Possibly one of the most foremost examples of Gothic architecture in Grosse Pointe is Christ Church Chapel in Grosse Pointe Farms.
Not only is it a rarity in the architectural sense, given that there are a limited number of Gothic buildings in the community, it is also one of only two buildings in the state of Michigan designed by the prominent New York City firm of Bertram Grosvenor Goohue Associates. The second project is Christ Church, Cranbrook – both projects were completed by Mayers, Murray & Phillip, the successor firm to Bertram Grosvenor Goohue, renamed in 1931.
Up until 1927 the Grosse Pointe Episcopal congregation, (which began life as a branch of Christ Church, Detroit), was holding its Sunday School classes in Grosse Pointe homes, worship services were held in the main church on Jefferson avenue, and religious classes were held in the parish house of Grosse Pointe Memorial Church. They needed a home of their own.
In 1927 the Grosse Pointe parishioners gained permission to spend $76,000 to purchase the property extending from Grosse Pointe Blvd, and the property that is now Meadow Lane to build a chapel, Sunday school rooms and a dining hall.
Work began in 1928 and was completed in 1930. The first full service in the new chapel was conducted on December 14th, 1930. It is estimated that over 650 were present at the service.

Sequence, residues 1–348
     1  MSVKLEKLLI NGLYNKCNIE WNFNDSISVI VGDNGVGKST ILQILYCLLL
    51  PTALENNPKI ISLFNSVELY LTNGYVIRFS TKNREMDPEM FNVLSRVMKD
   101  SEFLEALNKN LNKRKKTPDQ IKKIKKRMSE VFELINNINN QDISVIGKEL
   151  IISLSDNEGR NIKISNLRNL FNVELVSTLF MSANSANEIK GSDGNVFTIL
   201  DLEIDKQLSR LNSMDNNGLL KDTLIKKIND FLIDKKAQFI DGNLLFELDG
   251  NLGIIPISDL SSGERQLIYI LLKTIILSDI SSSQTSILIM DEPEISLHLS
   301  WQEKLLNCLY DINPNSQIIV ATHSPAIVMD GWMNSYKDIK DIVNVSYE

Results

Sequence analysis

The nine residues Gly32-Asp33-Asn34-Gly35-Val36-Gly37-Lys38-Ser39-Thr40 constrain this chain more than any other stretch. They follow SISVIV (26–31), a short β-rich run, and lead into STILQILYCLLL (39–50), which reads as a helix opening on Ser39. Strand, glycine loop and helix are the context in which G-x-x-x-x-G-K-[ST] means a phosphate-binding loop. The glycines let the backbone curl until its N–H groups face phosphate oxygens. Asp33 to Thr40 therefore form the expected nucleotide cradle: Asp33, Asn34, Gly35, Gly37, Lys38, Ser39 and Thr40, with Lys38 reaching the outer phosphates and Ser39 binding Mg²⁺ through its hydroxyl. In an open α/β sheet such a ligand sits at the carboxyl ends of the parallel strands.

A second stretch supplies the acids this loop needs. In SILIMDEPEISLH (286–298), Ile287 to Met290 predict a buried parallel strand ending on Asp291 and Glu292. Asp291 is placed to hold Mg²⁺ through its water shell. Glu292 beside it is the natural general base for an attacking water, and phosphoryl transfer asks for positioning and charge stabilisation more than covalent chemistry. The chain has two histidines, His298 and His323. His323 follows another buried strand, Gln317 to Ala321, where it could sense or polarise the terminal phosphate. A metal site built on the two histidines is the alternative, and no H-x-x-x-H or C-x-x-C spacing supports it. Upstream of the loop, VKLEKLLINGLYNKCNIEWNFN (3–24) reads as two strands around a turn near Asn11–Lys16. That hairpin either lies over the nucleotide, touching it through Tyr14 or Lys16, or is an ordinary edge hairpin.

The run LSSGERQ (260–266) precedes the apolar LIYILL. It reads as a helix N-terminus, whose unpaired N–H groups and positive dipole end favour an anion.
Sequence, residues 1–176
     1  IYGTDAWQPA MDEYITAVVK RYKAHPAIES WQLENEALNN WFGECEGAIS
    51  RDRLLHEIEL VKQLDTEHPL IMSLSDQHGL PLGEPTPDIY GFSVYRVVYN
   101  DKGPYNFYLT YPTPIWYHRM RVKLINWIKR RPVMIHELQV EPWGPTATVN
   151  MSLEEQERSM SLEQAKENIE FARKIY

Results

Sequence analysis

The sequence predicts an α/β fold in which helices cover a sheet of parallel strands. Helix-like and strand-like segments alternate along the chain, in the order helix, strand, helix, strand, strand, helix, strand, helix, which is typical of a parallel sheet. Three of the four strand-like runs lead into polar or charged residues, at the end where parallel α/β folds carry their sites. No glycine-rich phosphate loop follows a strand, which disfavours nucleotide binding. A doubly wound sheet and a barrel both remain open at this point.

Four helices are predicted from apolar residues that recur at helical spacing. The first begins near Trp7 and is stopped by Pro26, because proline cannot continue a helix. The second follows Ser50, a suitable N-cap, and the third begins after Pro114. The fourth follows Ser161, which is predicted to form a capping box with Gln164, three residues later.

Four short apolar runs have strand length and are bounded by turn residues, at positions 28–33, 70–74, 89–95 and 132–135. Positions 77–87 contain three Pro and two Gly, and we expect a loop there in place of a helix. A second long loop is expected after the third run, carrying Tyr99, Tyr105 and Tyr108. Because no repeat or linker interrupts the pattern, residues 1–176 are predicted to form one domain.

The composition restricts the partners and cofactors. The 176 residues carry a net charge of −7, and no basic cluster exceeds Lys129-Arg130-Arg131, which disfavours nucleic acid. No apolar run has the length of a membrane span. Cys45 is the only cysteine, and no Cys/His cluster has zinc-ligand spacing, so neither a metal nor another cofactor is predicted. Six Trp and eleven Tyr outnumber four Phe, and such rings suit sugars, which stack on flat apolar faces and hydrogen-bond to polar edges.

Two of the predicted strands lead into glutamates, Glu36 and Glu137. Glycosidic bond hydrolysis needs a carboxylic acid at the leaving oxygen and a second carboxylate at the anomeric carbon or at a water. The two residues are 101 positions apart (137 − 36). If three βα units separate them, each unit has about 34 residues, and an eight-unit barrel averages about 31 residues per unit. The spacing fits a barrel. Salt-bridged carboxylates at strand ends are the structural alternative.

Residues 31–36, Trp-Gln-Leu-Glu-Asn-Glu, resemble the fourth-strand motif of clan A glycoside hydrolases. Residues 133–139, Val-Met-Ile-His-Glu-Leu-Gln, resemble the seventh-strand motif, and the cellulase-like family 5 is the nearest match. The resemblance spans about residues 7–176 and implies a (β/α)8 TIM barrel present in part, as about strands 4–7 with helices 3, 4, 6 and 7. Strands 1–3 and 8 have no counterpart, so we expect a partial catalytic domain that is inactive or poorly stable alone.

The building we see today was originally designed as the chapel of a cathedral that was to be built on the Meadow Lane property. As part of the project, it is believed the house located at 368 Washington, Grosse Pointe Farms was built in 1929 as the home for the incoming Bishop. However there could only be one cathedral in the Episcopalian diocese, and the Cathedral Church of St. Paul on Woodward Avenue in Detroit already held that distinction. The Cathedral in Grosse Pointe never built.
Despite initial plans to build a cathedral being thwarted there was enough land to construct three more buildings next to the chapel on the property – the Rectory in 1938, the Miller Hall in 1942, (both additions were built in a contemporary Tudor Revival style) and an education building in 1955. The education building was designed by Internationally noted architect Minoru Yamasaki, best known for designing the World Trade Center in New York City along with many other large scale projects across the country.*
Several elements of the Christ Church Chapel are modeled on different English Gothic cathedrals. The main chapel is modeled on a 15th century English Gothic Church, built in a Latin-cross configuration with a 50-feet tower at one comer. The Narthex is based on the early-English Gothic structure – Chapter House at Wells Cathedral, while the cloister is modeled after a similar Gothic structure at Canterbury Cathedral.
We will be continuing the story of Christ Church Chapel next week, when we take a look at the unusual method to construct the building along with exploring some of the wonderful elements that can be found inside the Church.
Written by Katie Doelle
© 2015 Higbie Maxon Agney
* The education building was torn down in 2000 and replaced by an education wing.
** Research from Grosse Pointe Heritage Magazine, courtesy of Grosse Pointe Public Library Local History Archives.
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(For more historical information on Grosse Pointe, visit Grosse Pointe Historical Society).